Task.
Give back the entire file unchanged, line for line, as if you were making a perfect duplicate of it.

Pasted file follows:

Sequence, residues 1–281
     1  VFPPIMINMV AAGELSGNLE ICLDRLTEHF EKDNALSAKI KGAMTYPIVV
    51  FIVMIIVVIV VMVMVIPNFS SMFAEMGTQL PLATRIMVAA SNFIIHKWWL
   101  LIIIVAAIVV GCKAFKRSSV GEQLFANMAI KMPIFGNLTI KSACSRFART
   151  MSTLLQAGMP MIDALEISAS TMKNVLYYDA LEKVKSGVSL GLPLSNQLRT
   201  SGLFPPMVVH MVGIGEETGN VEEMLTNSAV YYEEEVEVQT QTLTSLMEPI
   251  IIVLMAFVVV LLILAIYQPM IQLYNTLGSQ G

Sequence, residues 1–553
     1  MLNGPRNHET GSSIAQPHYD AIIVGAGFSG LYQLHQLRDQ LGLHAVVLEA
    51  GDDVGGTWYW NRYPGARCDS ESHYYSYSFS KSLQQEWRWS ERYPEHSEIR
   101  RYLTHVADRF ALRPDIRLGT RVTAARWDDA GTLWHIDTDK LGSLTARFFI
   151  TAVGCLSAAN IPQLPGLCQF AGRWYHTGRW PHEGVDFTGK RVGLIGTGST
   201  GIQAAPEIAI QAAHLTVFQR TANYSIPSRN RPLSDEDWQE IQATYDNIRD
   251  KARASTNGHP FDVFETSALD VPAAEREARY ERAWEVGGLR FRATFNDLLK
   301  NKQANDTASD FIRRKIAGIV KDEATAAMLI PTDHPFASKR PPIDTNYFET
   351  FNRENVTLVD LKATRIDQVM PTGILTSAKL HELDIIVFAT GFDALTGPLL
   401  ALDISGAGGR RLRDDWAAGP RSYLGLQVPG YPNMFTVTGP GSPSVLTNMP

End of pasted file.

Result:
Sequence, residues 1–281
     1  VFPPIMINMV AAGELSGNLE ICLDRLTEHF EKDNALSAKI KGAMTYPIVV
    51  FIVMIIVVIV VMVMVIPNFS SMFAEMGTQL PLATRIMVAA SNFIIHKWWL
   101  LIIIVAAIVV GCKAFKRSSV GEQLFANMAI KMPIFGNLTI KSACSRFART
   151  MSTLLQAGMP MIDALEISAS TMKNVLYYDA LEKVKSGVSL GLPLSNQLRT
   201  SGLFPPMVVH MVGIGEETGN VEEMLTNSAV YYEEEVEVQT QTLTSLMEPI
   251  IIVLMAFVVV LLILAIYQPM IQLYNTLGSQ G

Sequence, residues 1–553
     1  MLNGPRNHET GSSIAQPHYD AIIVGAGFSG LYQLHQLRDQ LGLHAVVLEA
    51  GDDVGGTWYW NRYPGARCDS ESHYYSYSFS KSLQQEWRWS ERYPEHSEIR
   101  RYLTHVADRF ALRPDIRLGT RVTAARWDDA GTLWHIDTDK LGSLTARFFI
   151  TAVGCLSAAN IPQLPGLCQF AGRWYHTGRW PHEGVDFTGK RVGLIGTGST
   201  GIQAAPEIAI QAAHLTVFQR TANYSIPSRN RPLSDEDWQE IQATYDNIRD
   251  KARASTNGHP FDVFETSALD VPAAEREARY ERAWEVGGLR FRATFNDLLK
   301  NKQANDTASD FIRRKIAGIV KDEATAAMLI PTDHPFASKR PPIDTNYFET
   351  FNRENVTLVD LKATRIDQVM PTGILTSAKL HELDIIVFAT GFDALTGPLL
   401  ALDISGAGGR RLRDDWAAGP RSYLGLQVPG YPNMFTVTGP GSPSVLTNMP